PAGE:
May is Mental Health Awareness Month


Mental Illnesses are very common and can affect anyone. According to National Alliance on Mental Illness (NAMI 2018), 1 in 5 people experience mental illness in a given year. Depression, Anxiety, Bipolar, and Schizophrenia are amongst some of the most common diagnosed Psychiatric Disorders. As common as these illnesses are, many people with symptoms resist treatment.

Barriers to treatment include inaccessibility, lack of education, and the stigma surrounding mental illness. Lack of mental health funding due to legislative budget cuts has a direct correlation to limited availability of healthcare providers specializing in the care of a mentally ill patient. Thus making treatment inaccessible.

Treatment can also be neglected due to a lack of education. Many people are not seeking professional psychiatric help because they have not been educated on what specific symptoms of mental illness may look and or feel like. Some individuals who do seek treatment may not remain consistent with treatment because they lack insight into truly believing that they do, in fact, have a mental illness. Medications aren’t taken as prescribed and routine follow up appointments are missed as a result of a lack of education.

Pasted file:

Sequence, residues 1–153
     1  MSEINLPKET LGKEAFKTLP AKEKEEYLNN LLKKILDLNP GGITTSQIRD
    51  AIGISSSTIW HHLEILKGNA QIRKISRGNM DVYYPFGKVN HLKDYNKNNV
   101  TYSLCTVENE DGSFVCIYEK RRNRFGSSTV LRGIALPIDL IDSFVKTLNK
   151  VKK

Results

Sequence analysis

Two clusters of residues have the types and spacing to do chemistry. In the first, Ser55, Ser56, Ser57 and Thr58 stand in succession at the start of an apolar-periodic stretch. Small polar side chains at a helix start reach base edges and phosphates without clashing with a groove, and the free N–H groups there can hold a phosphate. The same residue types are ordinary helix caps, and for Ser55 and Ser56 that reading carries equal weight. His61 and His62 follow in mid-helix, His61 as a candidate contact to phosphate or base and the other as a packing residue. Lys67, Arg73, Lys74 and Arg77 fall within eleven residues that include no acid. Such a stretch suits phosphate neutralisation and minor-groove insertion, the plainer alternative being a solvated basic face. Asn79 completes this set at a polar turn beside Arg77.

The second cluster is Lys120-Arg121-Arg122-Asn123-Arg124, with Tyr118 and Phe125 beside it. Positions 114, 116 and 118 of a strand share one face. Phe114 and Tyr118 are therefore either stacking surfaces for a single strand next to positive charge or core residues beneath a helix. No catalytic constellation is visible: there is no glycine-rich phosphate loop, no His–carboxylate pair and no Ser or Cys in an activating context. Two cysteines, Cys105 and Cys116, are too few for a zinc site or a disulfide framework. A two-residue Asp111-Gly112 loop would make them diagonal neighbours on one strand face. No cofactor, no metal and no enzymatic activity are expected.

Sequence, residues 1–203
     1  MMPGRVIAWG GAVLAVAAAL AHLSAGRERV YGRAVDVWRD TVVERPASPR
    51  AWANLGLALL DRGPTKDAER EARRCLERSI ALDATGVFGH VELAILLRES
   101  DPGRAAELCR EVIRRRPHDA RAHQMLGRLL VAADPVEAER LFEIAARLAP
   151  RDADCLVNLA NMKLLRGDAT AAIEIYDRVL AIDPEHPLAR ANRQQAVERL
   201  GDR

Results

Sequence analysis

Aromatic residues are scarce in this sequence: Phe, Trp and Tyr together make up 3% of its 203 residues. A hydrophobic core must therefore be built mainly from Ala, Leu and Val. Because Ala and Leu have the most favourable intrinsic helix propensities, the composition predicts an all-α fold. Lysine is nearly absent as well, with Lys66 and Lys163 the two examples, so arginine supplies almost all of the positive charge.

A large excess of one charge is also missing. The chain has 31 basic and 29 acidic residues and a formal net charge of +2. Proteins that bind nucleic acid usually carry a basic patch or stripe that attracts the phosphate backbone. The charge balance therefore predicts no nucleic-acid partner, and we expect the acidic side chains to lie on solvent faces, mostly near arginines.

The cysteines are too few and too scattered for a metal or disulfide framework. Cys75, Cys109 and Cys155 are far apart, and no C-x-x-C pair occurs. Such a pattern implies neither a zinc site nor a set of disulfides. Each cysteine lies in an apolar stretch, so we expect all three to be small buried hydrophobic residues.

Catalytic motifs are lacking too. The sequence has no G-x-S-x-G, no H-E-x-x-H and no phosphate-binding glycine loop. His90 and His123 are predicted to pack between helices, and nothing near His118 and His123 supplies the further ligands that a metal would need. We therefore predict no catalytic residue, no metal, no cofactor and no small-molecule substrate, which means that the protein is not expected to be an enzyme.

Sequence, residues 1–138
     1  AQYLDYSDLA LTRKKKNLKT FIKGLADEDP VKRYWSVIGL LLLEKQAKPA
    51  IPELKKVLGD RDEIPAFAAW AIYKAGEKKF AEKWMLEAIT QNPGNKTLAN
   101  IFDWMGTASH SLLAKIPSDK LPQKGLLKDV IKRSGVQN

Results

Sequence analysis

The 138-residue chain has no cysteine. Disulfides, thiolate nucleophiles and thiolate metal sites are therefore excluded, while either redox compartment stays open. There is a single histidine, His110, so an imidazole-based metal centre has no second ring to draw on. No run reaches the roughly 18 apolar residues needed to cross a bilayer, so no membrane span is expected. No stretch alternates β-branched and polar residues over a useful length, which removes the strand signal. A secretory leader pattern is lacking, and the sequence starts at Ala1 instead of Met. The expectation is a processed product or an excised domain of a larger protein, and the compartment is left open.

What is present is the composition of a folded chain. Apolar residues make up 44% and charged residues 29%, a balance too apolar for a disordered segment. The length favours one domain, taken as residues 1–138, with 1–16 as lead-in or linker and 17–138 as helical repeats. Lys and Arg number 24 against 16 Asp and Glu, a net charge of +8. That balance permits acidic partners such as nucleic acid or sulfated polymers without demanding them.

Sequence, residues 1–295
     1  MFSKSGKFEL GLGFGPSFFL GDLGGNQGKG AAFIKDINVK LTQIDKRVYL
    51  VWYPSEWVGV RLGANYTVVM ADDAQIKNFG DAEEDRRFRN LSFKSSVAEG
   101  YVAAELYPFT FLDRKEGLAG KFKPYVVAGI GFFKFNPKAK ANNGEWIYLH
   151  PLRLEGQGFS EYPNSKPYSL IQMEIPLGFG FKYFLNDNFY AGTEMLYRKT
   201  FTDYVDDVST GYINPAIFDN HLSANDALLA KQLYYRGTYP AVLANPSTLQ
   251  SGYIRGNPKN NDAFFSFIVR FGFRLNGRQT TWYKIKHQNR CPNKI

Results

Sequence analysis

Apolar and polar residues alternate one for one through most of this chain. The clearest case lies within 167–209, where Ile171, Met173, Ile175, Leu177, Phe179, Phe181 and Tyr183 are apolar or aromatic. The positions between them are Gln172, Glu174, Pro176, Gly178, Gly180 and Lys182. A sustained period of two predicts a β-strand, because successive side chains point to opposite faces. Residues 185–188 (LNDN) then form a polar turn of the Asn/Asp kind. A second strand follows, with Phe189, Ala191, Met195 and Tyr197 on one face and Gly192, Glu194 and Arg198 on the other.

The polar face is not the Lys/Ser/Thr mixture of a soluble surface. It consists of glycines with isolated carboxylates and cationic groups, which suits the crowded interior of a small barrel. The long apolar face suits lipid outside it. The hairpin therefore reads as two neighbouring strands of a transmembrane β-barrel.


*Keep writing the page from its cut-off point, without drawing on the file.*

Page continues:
The stigma surrounding mental illness is a huge barrier to treatment. Out of fear of being labeled “weak” or “crazy”, some individuals affected by mental illness will continue to resist treatment and suffer silently. Stigmas and labels can further drive a person into isolation or seclusion forcing them to lean to other maladaptive ways of coping such as self harm or substance abuse.


While there is no cure for mental illness, there are treatment options. Medications and psychotherapy are available to minimize symptoms. Treatment is geared towards returning affected individuals to an optimal level of functioning. Mental Health Awareness is also important as this will provide the proper education and support to persons suffering with mental illnesses while also reducing the stigma. The more the stigma is reduced, the more individuals will seek out professional help and comply with treatment.

Article written by Renata Weatherspoon, an Adult Psychiatric Nurse Practitioner in New Orleans, Louisiana.